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Conservative Club for Growth PAC comes out against Stefanik to replace Cheney

The conservative organization Club for Growth on Wednesday came out against Rep. Elise StefanikElise Marie StefanikWhite House denies pausing military aid package to Ukraine Canadian ambassador calls for close coordination in handling of US border Five takeaways on the Supreme Court's Obamacare decision MORE (R-N.Y.) as a replacement for Rep. Liz CheneyElizabeth (Liz) Lynn CheneyCheney: 'It is disgusting and despicable' to see Gosar 'lie' about Jan. 6 GOP's Stefanik defends Trump DOJ secret subpoenas McCarthy pushes back on Biden criticism of GOP at NATO MORE as House Republican Conference chairwoman.

"Elise Stefanik is NOT a good spokesperson for the House Republican Conference," the group tweeted. "She is a liberal with a 35% CFGF lifetime rating, 4th worst in the House GOP. House Republicans should find a conservative to lead messaging and win back the House Majority."

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The group was referring to its own scoring system that it uses to grade federal lawmakers. Out of all GOP House members, Stefanik currently has a ranking of 197, placing her among the bottom five Republican lawmakers who have a score from the organization.

Cheney's position as House Republican Conference chairwoman has been at risk ever since she voted in favor of impeaching former President TrumpDonald TrumpMaria Bartiromo defends reporting: 'Keep trashing me, I'll keep telling the truth' The Memo: The center strikes back Republicans eye Nashville crack-up to gain House seat MORE for inciting the deadly Jan. 6 Capitol riot.

Multiple allies of House Minority Leader Kevin McCarthyKevin McCarthyGOP divided over bills targeting tech giants GOP increasingly balks at calling Jan. 6 an insurrection House Democrats' campaign arm raises almost million in May MORE (R-Calif.) have vowed to remove Cheney from power before the end of the month.

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On Wednesday, House Minority Whip Steve ScaliseStephen (Steve) Joseph ScaliseHillicon Valley: Senate unanimously confirms Chris Inglis as first White House cyber czar | Scrutiny mounts on Microsoft's surveillance technology | Senators unveil bill to crack down on cyber criminals Five takeaways on the Supreme Court's Obamacare decision FCC votes to advance proposed ban on Chinese telecom equipment MORE (R-La.) released a statement signaling his support for Stefanik to replace Cheney. Trump also voiced his support for Stefanik on Wednesday.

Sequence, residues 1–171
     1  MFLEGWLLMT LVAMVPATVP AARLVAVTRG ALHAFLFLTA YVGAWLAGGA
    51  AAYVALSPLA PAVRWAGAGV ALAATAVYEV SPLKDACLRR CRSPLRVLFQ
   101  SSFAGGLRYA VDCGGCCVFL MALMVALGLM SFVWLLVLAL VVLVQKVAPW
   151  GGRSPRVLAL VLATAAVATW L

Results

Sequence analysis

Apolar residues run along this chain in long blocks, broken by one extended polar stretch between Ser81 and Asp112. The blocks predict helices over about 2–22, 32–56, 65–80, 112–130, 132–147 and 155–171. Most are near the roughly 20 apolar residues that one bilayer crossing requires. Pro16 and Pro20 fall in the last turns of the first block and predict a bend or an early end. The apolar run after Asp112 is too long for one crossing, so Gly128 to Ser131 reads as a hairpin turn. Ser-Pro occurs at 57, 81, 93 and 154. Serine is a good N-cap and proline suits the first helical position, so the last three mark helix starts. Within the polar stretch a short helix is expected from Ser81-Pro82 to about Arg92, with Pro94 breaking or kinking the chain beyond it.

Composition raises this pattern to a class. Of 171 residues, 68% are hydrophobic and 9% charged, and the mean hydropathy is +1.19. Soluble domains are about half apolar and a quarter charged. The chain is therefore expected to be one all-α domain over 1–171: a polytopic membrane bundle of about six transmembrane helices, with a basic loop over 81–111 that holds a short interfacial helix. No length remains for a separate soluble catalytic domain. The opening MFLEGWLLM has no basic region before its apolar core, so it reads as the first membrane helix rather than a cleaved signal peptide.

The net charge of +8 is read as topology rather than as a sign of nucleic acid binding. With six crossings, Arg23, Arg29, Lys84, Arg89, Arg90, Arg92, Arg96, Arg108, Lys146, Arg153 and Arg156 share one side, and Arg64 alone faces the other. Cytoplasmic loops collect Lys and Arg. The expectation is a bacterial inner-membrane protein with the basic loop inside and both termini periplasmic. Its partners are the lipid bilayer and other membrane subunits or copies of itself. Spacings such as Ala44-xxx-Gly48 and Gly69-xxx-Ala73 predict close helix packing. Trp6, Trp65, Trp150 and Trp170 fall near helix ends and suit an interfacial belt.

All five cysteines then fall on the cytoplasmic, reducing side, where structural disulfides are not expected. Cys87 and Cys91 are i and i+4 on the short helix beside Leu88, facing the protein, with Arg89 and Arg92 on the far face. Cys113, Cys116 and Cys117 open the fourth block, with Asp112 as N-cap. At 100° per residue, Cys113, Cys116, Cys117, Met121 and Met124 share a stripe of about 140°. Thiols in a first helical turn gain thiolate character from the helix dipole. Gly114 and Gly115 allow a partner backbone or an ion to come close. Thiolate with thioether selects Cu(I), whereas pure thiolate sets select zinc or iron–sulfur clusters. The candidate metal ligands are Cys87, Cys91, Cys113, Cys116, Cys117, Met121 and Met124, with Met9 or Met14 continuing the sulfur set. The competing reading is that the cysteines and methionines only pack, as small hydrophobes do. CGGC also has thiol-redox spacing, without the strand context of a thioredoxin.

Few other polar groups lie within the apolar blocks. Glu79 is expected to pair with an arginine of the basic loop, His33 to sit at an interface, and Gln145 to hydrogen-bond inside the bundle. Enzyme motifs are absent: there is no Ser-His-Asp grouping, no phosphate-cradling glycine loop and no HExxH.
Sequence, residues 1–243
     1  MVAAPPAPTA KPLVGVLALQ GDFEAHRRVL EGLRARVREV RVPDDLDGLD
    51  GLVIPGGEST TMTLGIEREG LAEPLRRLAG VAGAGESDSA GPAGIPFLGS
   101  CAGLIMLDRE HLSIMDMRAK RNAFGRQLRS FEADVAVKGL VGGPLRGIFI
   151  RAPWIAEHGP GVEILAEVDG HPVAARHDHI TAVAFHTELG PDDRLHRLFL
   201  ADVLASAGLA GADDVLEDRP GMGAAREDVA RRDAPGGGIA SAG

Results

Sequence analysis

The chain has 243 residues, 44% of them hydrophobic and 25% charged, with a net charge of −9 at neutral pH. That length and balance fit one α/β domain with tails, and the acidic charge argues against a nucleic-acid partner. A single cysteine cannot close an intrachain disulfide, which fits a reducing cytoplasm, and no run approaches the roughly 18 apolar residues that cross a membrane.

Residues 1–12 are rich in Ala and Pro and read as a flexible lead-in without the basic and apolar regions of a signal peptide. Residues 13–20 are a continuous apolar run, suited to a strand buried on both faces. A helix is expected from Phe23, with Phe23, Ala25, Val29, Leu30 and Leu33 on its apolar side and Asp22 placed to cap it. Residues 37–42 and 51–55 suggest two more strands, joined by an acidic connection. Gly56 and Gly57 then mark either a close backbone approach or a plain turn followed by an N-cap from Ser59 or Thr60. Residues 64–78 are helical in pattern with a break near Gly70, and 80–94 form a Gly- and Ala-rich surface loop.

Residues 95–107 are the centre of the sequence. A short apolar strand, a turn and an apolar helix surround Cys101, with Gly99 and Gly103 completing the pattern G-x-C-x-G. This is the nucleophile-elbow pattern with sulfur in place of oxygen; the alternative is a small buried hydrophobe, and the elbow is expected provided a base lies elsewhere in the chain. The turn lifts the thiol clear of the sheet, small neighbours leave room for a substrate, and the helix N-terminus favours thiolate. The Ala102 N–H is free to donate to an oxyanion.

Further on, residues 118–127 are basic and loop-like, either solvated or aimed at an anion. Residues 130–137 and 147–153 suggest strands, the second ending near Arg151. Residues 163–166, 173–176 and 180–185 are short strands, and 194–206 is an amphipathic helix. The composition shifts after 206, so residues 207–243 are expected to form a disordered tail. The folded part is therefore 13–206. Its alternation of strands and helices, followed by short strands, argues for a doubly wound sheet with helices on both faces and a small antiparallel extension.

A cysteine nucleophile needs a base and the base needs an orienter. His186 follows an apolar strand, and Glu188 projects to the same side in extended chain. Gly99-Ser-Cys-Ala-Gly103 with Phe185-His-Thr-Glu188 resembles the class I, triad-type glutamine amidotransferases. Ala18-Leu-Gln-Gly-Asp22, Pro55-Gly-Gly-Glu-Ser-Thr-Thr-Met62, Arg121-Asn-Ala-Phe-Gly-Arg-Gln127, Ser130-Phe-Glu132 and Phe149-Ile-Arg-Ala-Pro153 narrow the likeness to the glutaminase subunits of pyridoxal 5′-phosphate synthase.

"Liz Cheney is a warmongering fool who has no business in Republican Party Leadership," Trump said in a statement. "We want leaders who believe in the Make America Great Again movement, and prioritize the values of America First. Elise Stefanik is a far superior choice, and she has my COMPLETE and TOTAL Endorsement for GOP Conference Chair. Elise is a tough and smart communicator!"

However, some Republican figures have come to Cheney's defense. Meghan McCainMeghan Marguerite McCainMeghan McCain, Whoopi Goldberg spar over Biden's outburst at CNN reporter Meghan McCain: Harris 'sounded like a moron' discussing immigration CNN insults #MeToo movement, provides happy ending for Jeffrey Toobin MORE, co-host of "The View" and daughter of late Sen. John McCainJohn Sidney McCainOvernight Energy: Lake Mead's decline points to scary water future in West | White House leads opposition to raising gas tax | Biden taps ex-New Mexico lawmaker for USDA post Lake Mead's decline points to scary water future in West Five takeaways from the Biden-Putin summit MORE (R-Ariz.), promised that "there will be consequences" if Cheney is ousted.

Sen. Joni ErnstJoni Kay ErnstOvernight Defense: Pentagon details military construction projects getting .2B restored from wall funds | Biden chooses former commander to lead Navy | Bill seeks to boost visa program for Afghans who helped US Meghan McCain: Harris 'sounded like a moron' discussing immigration Senate bill would add visas, remove hurdles to program for Afghans who helped US MORE (R-Iowa) defended Cheney in an interview with Politico published on Wednesday.

"Any elected official should stand their ground. If you feel firmly about something, you should stand your ground," Ernst said. "But I also believe that we need to come together as a party, recognize we have differences within the party but the goal with us should be to win seats."